The above graph demonstrates in the last week hospitalization rate of growth has been steady. But what we do NOT know right now is the size of the impact of commingling and travel over the Thanksgiving holiday period. The CDC says it will have caused a significant growth in new cases, hospitalizations, and deaths. Historically, hospitalization growth follows new case growth by one to two weeks. That means this week we will be able to measure the impact of Thanksgiving on the spread of COVID-19.
As an analyst, I use rate of growth to determine the trend. But, the size of the pandemic is growing in terms of real numbers – and if the rate of growth does not become negative – the pandemic will overwhelm all resources.
The graph below shows the rate of growth relative to the growth a week earlier updated through today [note that negative numbers mean the rolling averages are LOWER than the rolling averages one week ago]. As one can see, the rate of growth for new cases peaked over one month ago and the rate of growth has been decelerating.
This graph is currently demonstrating that the recent actions to contain the pandemic were beginning to bite – but have now been impacted by Thanksgiving. In the scheme of things, new cases decline first, followed by hospitalizations, and then deaths.
It is up to each of our readers to protect themselves and others by washing your hands, wearing a mask, avoiding crowds, and maintaining social distancing.
Coronavirus News You May Have Missed
China’s coronavirus vaccine has 86% efficacy in UAE trial – Seeking Alpha
- Vaccine headlines continue to pour following V-Day in the U.K., brighter news on the University of Oxford and AstraZeneca (NASDAQ:AZN) jab and the possibility of mandatory vaccinations for New Yorkers.
- The latest? China’s state-backed coronavirus vaccine, developed by Sinopharm (OTCPK:SHTDF), was found to have protected 86% of people against COVID-19 in trials conducted on 31,000 volunteers in the UAE.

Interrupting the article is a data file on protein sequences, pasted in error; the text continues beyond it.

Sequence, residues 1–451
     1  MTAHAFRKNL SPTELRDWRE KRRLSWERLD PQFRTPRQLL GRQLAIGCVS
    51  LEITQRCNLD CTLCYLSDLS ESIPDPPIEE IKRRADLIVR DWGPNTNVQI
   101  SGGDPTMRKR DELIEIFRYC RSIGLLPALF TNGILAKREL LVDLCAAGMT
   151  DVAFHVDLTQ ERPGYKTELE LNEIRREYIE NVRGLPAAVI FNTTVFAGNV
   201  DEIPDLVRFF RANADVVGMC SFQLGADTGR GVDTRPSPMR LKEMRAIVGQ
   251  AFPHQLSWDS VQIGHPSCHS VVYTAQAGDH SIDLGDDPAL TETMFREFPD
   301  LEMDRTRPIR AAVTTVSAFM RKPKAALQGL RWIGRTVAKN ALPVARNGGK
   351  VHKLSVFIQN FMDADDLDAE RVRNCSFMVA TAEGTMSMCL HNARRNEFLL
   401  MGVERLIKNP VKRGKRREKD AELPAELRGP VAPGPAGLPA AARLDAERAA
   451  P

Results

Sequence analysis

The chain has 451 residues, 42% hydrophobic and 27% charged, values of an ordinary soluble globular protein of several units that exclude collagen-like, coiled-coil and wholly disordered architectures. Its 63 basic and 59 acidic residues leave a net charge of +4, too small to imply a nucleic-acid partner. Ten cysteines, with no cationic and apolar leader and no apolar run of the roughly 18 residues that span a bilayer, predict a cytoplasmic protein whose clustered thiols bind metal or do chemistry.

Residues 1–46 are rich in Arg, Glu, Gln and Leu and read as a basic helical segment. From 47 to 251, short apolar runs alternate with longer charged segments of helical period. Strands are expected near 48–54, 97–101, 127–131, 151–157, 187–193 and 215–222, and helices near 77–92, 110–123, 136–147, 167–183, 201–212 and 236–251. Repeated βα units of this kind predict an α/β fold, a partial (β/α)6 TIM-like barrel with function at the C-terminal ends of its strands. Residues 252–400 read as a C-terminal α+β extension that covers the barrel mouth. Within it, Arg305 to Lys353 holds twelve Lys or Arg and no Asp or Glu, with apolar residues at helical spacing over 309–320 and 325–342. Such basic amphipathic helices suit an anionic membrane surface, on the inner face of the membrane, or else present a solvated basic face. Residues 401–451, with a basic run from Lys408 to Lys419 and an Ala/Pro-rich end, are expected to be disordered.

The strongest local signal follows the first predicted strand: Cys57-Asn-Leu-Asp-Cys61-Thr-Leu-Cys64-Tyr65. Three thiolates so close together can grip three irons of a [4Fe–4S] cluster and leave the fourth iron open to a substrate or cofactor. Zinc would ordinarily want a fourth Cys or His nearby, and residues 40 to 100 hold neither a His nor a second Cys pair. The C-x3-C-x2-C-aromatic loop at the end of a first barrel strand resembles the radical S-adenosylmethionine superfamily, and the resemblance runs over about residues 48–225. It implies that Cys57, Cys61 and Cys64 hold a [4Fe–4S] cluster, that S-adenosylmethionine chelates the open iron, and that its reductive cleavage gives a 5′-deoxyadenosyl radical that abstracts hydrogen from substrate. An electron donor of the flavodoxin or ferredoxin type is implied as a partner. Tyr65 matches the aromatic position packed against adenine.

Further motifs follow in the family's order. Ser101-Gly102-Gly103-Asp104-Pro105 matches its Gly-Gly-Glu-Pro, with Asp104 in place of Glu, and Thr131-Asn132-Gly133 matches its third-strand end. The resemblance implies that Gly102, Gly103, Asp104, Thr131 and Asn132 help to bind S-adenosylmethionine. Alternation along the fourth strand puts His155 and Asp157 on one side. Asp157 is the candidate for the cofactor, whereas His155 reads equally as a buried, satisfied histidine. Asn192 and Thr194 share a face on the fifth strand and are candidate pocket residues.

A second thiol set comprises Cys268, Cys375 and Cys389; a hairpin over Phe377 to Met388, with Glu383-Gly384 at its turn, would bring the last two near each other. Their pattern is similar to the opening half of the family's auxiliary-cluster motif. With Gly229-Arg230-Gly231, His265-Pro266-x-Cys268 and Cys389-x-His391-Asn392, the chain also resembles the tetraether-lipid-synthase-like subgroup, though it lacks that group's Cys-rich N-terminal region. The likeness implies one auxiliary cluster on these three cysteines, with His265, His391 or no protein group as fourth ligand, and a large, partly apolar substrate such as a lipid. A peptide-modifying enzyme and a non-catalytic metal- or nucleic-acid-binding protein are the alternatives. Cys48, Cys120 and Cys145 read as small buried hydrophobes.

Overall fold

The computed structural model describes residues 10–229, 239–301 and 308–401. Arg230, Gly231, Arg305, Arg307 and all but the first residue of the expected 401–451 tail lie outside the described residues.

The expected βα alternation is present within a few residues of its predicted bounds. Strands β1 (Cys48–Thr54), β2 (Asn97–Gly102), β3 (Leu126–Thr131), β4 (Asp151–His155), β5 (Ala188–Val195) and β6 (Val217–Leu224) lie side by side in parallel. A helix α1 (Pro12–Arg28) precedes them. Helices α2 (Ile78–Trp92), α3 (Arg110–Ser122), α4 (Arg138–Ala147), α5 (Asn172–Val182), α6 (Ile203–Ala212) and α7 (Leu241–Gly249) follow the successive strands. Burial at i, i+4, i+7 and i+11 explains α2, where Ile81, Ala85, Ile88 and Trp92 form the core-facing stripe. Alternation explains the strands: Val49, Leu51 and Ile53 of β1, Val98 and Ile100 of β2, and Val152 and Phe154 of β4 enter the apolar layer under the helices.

- The vaccine has already been administered to hundreds of thousands of people under emergency authorization in China, but it’s yet to receive public use approval from any drug regulators.
- Unlike shots developed from Pfizer and Moderna – which have over 94% efficacy – but rely on mRNA and deep freeze facilities, China’s vaccine is based on an inactivated virus and can be transported at normal refrigerated temperatures.
- That makes it an attractive option for nations without sophisticated cold-chain infrastructure and developing countries like Indonesia and Pakistan have already signed deals for the vaccine.
New results on a possible COVID-19 vaccine from Oxford University and AstraZeneca suggest it is safe and about 70% effective, but questions remain about how well it may help protect those over 55 — a key concern for a vaccine that health officials hope to rely on around the world because of its low cost, availability and ease of use.
Still, experts say the vaccine seems likely to be approved, despite some confusion in the results and lower levels of protection than what some other vaccine candidates have shown.
“What we can see looks reasonable, but it’s a bit more complicated than what we’ve seen so far,” said Dr. Buddy Creech, a Vanderbilt University researcher helping to test two other vaccines. “If this had been the first report out, the field would have still been excited to have a vaccine.”
The medical journal Lancet on Tuesday published partial results from tests of the vaccine in the United Kingdom, Brazil and South Africa — safety results on 23,745 participants and protection levels on 11,636.